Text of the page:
The Bouleuterion at Ephesos

Book Details

Author  Thuer Hilke
Publisher  Austrian Academy of Sciences of Press
Publication Date   October 14, 2011
ISBN  3700165412
Pages  210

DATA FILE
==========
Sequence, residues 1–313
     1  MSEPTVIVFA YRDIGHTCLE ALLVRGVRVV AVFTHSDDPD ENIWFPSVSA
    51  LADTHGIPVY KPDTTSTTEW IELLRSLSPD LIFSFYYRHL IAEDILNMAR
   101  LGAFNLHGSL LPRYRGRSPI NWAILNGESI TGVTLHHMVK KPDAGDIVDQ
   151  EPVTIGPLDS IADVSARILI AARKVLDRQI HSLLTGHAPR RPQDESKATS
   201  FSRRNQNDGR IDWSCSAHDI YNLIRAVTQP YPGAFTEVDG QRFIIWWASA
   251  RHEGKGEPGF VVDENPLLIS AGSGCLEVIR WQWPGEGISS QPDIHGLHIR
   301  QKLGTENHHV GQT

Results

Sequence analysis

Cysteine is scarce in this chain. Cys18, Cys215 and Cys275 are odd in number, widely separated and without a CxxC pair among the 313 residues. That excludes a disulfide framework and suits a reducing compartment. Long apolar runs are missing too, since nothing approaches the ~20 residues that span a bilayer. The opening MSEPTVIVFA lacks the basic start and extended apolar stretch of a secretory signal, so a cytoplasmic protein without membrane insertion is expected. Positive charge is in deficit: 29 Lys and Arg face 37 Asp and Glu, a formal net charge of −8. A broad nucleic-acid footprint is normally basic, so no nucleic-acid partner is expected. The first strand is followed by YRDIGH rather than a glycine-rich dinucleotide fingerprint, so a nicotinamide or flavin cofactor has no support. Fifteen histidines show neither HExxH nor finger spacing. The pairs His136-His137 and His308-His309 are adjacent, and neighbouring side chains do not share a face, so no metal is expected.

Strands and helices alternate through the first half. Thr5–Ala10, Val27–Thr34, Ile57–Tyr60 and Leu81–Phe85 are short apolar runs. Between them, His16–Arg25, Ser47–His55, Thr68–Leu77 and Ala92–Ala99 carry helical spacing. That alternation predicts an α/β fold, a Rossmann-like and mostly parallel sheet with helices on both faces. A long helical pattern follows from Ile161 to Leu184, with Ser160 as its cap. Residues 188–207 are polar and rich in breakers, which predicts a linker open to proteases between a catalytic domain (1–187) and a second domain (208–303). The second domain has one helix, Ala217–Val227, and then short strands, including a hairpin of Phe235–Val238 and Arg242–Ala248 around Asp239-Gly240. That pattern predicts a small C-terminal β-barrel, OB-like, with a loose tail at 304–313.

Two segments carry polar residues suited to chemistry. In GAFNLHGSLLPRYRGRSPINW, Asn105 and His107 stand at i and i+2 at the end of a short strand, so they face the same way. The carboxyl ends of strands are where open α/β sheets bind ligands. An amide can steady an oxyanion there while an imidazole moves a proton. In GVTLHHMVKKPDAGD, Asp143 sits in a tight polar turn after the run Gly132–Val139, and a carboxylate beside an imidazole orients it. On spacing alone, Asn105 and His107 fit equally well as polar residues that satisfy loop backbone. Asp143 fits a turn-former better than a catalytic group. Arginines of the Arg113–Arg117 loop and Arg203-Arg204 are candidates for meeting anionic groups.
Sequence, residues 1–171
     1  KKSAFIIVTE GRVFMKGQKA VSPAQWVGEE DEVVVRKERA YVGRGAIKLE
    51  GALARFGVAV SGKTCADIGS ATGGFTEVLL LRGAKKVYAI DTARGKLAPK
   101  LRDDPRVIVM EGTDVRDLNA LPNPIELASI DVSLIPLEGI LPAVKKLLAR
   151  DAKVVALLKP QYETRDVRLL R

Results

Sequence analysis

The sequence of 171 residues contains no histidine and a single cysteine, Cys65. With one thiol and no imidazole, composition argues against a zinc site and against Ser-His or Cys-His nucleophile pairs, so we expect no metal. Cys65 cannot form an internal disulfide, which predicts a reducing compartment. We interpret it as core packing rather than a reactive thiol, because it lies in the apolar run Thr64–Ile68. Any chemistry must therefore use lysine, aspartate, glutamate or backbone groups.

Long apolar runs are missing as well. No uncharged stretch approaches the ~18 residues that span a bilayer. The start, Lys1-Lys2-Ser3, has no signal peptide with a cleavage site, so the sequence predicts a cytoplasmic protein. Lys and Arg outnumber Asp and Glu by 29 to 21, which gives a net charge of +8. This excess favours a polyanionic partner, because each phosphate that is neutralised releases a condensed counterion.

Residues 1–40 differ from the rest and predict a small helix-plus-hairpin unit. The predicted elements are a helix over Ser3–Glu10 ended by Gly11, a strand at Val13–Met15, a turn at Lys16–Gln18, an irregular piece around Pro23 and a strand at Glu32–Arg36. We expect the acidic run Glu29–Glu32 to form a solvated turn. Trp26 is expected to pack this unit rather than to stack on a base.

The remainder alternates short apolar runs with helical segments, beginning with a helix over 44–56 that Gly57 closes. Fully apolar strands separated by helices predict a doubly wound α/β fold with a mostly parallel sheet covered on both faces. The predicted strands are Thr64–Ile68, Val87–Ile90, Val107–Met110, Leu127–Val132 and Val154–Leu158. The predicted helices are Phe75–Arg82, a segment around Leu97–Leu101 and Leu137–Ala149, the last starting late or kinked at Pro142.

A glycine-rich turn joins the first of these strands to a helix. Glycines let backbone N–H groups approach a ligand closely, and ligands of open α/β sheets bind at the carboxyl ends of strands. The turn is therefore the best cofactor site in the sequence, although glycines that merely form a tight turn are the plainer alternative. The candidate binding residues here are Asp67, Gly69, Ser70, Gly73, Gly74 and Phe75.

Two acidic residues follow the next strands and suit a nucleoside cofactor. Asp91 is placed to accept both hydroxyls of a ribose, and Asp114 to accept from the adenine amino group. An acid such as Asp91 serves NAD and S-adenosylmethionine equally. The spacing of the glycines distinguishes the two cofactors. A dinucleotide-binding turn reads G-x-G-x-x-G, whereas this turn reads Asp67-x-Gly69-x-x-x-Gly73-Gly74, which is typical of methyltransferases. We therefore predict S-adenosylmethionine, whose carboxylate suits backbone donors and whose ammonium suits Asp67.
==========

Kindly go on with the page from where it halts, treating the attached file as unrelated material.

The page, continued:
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This volume aims to present a comprehensive publication of the Roman Bouleuterion (town hall) at the Greco-Roman site of Ephesos (Turkey) including its decoration. It is based on a manuscript by the late L. Bier concerning the history of research and the architecture of the monument, with contributions by H. Thur (architecture), U. Quatember (architectural decoration), H. Taeuber (inscriptions), M. Aurenhammer and T. Opper (sculpture). Bouleuteria of the high Imperial period were multifunctional buildings, offering space for civic administration but also for cultural performances. The Bouleuterion at Ephesos comprised a semicircular auditorium oriented towards a two-storeyed scene. L. Bier discerned two main construction phasses and presented a reconstruction of the scene. The scene wall of about 100 A.D. was structured by a series of single columns. In the main phase of the 150s A.D., P. Vedius Antonius, the city's eminent benefactor, dedicated the conversion into a modern aediculated facade and its sculptural decoration. The sculptural program (a portrait gallery of the Antonine dynasty) and the inscriptions attached to the scene wall ("Imperial Letters") illustrated the close relationship of sponsor and emperor. The portrait statues (only fragmentarily preserved) were set up in the reign of Antonius Pius but obviously not all of them at the same time. The portrait of a girl might represent one of Marcus Aurelius's daughters. The architectural decoration of the main phase of the building was also part of the carefully designed program. The Bouleuterion was used as a building until Late Antiquity and beyond. (Austrian Academy of Sciences Press 2011)

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